In 2017, Rebecca was introduced to Tri-Arts Partnership LLP in Los Angeles, USA, the principals of which were long-time career record executives and artist managers. They were keen to input to the new album and promote Rebecca in the USA and beyond and, having heard the initial mixes, asked for a much bigger, bolder sound. They introduced Rebecca to Bill Drescher, California-based producer for people like Rick Springfield, the Bangles and who had been involved with music for films, including Titanic, and TV shows, including Stranger Things. Bill did a re-mix of the album title track, More Sinner Than Saint, and on the basis of that, four other tracks.
A combination of availability issues and budget prevented Bill’s further involvement but Chris Childs (bass player with Thunder) took on the brief of mixing the remaining seven tracks to match Bill’s sonic style. The resulting album, mastered by Ed Woods, has a consistently bold, film-scape sound that is very different to the previous output.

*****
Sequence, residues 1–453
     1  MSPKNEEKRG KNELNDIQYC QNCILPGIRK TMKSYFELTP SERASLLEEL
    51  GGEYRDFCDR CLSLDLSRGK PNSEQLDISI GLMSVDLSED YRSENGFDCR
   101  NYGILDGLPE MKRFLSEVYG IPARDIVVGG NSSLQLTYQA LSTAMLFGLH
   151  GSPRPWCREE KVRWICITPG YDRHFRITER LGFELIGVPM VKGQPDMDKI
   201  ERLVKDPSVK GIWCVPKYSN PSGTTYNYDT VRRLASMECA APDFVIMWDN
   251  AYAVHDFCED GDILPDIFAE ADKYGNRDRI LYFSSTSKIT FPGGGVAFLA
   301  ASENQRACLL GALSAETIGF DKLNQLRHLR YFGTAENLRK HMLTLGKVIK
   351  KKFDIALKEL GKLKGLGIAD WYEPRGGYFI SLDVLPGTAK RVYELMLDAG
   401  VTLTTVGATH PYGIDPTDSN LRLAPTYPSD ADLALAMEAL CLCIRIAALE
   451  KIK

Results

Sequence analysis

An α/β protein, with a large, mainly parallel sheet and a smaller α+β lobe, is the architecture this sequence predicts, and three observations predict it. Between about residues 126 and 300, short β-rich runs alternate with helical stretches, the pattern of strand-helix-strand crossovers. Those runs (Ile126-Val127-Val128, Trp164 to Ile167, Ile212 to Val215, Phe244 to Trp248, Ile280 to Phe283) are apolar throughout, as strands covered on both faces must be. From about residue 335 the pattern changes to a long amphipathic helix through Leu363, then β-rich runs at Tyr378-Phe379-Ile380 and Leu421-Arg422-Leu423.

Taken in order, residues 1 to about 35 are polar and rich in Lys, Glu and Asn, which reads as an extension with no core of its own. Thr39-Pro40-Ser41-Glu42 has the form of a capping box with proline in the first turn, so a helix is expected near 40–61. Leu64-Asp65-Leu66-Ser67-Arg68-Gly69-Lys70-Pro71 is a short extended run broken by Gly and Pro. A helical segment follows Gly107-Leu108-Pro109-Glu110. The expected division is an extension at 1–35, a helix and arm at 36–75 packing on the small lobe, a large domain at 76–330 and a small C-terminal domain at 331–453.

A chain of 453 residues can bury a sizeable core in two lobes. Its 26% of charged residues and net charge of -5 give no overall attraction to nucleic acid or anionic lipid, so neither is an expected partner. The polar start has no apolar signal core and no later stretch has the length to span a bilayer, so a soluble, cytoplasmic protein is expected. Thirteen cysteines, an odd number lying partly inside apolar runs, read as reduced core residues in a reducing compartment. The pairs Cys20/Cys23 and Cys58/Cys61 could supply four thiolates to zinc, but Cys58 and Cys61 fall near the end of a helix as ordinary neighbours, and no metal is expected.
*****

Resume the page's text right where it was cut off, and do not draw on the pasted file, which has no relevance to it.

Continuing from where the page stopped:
More Sinner Than Saint was released on 24th May 2019 to considerable critical acclaim. It has featured on several ‘best of 2019’ lists and the track Hurts was play-listed by Planet Rock Radio.
The last two years has seen some evolution in the band with Vincent John Yarrington now on bass, Nigel Darvill or Aidan Goldstraw on keys and Neil Ablard on drums.
In terms of live performances, rather than gig whenever and wherever possible Rebecca has chosen to pursue a more strategic approach through a carefully-chosen programme of festival and club gigs interspersed with support slots with the likes of King King, Snakecharmer, Magnum, The Quireboys, Brian Downey’s Alive and Dangerous and Cats in Space. Rebecca hopes to be gigging again later this year, undertaking headline shows, festivals and support slots with tracks from More Sinner Than Saint forming the majority of the set. In the meantime, she is delivering regular online shows (Facebook and YouTube). Further new material is planned for release during the year.
Rebecca is an independent artist with her own company that manages all aspects of the production chain from creation through manufacture to marketing, promotion and sales. Material is released on the wholly-owned Mad Hat Records label and worldwide physical and digital distribution is undertaken by Cargo Records.